• Emma Green

Let’s talk about ‘healthy weight loss’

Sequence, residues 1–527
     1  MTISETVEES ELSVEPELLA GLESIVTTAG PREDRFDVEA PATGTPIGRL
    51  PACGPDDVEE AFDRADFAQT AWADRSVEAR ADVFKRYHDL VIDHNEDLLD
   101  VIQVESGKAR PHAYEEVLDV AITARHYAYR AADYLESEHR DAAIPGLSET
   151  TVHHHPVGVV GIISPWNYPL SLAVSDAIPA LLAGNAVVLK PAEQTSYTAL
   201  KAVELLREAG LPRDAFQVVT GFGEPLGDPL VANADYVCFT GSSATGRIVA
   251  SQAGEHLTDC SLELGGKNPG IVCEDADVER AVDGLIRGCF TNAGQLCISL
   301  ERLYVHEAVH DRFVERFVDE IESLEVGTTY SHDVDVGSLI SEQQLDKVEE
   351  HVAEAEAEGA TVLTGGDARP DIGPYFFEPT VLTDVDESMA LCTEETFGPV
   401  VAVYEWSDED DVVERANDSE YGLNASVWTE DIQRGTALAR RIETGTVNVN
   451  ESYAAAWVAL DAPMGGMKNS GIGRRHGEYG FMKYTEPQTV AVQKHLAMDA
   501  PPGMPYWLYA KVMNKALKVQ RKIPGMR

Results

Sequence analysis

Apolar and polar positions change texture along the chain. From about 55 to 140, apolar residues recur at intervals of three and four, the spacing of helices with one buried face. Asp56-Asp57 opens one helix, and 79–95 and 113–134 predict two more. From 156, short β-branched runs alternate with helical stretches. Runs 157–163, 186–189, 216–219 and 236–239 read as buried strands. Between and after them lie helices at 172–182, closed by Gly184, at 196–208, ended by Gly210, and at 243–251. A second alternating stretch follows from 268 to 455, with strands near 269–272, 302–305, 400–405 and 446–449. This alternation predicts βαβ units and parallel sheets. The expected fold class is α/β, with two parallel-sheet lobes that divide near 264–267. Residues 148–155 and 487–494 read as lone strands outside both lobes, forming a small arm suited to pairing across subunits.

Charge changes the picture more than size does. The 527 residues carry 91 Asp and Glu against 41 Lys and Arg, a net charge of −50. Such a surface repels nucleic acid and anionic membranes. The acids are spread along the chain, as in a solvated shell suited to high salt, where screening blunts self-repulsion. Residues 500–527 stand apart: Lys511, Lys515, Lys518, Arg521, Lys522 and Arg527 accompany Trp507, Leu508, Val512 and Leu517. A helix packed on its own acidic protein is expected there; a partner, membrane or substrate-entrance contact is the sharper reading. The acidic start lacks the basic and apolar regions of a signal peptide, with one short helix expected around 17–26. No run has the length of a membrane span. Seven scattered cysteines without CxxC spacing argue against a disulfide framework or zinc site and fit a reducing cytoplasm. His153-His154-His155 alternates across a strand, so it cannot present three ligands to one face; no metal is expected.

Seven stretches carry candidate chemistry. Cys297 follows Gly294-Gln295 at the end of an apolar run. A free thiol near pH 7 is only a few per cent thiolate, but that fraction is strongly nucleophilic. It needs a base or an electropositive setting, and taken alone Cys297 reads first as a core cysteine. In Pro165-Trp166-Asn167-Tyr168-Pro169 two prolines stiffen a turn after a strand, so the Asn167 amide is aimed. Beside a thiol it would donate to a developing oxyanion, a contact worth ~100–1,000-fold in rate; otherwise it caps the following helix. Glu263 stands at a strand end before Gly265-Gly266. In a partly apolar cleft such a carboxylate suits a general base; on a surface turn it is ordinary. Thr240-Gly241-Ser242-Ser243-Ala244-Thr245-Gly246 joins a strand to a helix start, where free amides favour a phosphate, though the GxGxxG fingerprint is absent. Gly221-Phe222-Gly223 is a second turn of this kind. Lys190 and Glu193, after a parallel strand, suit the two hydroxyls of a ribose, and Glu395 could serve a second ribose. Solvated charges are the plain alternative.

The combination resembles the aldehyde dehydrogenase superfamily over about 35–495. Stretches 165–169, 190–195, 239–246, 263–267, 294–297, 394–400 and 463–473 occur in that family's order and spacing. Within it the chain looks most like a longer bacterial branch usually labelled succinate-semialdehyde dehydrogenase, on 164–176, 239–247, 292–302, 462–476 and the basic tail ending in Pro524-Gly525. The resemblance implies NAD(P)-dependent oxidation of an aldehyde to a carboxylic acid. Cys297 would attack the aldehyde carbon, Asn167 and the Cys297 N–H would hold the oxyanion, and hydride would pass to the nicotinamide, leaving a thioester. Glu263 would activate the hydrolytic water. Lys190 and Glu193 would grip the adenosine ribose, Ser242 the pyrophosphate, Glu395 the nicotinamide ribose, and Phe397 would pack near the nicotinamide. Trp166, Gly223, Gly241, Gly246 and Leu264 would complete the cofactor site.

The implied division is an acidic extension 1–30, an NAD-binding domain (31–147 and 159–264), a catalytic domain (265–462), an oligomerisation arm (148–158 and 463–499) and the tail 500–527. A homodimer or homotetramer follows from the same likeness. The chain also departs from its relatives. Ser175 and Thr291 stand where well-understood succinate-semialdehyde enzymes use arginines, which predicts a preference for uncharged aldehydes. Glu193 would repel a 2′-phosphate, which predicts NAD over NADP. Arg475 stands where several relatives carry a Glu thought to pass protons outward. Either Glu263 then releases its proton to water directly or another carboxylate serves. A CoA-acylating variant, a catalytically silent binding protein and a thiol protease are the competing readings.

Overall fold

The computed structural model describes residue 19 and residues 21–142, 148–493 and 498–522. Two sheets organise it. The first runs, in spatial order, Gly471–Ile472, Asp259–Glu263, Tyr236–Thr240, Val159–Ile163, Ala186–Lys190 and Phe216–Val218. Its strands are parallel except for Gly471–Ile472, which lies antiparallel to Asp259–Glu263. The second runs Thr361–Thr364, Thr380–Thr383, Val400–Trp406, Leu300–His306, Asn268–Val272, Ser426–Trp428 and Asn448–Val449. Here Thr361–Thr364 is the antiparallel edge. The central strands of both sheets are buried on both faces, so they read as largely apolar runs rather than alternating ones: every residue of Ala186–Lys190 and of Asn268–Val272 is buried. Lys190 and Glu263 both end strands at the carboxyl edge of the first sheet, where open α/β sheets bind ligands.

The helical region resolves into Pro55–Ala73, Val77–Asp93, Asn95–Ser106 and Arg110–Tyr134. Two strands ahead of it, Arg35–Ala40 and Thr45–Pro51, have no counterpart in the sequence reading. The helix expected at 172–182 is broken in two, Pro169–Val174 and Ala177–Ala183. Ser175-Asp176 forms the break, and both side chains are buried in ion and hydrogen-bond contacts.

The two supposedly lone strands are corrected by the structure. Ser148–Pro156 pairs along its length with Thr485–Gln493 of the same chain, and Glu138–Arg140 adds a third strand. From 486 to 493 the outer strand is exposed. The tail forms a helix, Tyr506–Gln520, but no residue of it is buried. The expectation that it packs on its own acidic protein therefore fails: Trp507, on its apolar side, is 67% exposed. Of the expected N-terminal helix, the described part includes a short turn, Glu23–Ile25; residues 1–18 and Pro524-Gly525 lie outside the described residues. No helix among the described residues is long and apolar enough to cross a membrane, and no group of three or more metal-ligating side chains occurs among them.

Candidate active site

Although almost everyone is in agreement about the problematic nature of fad diets there are many that hold onto the idea of ‘healthy weight loss’. I’d like to explain my perspective and the scientific evidence that has informed it. We know from the literature that health cannot be determined by weight alone. Behaviours matter, wellbeing is important and the social determinants of health cannot be overlooked. Those in all different sized bodies can be healthy or unhealthy. We also know that weight stigma is an independent contributor to health, which particularly affects those in larger bodies. We know that this not only affects the healthcare they receive but also makes it harder to engage in health-promoting behaviours. We know that weight loss is not sustainable for the vast majority of people. Although exact figures vary, we are talking about at least 80% of people. For those who do lose weight and maintain it, we know that many of them have a disordered relationship with food and exercise. That typically isn’t picked up because they are at a ‘normal weight’ but it would be seen as problematic in people with a low BMI. . We know that dieting in itself can cause disordered eating. The famous Minnesota starvation experiment clearly demonstrated that over 6 decades ago. There are certainly some people for whom dieting might not negatively affect them but you don’t get a heads up about your genetic predisposition so it is always a risk. We know that weight cycling (the likely outcome of dieting) is harmful, particularly in terms of cardiovascular health. Even if there were negative health implications of being in a larger body (which is not a clear cut fact), a person is better off maintaining their weight than cycling up and down. We know that people can improve their health without losing weight and this has been demonstrated in a number of studies informed by health at every size and intuitive eating approaches. On the balance of scientific evidence and from an ethical perspective, I simply cannot advocate for intentional weight loss.

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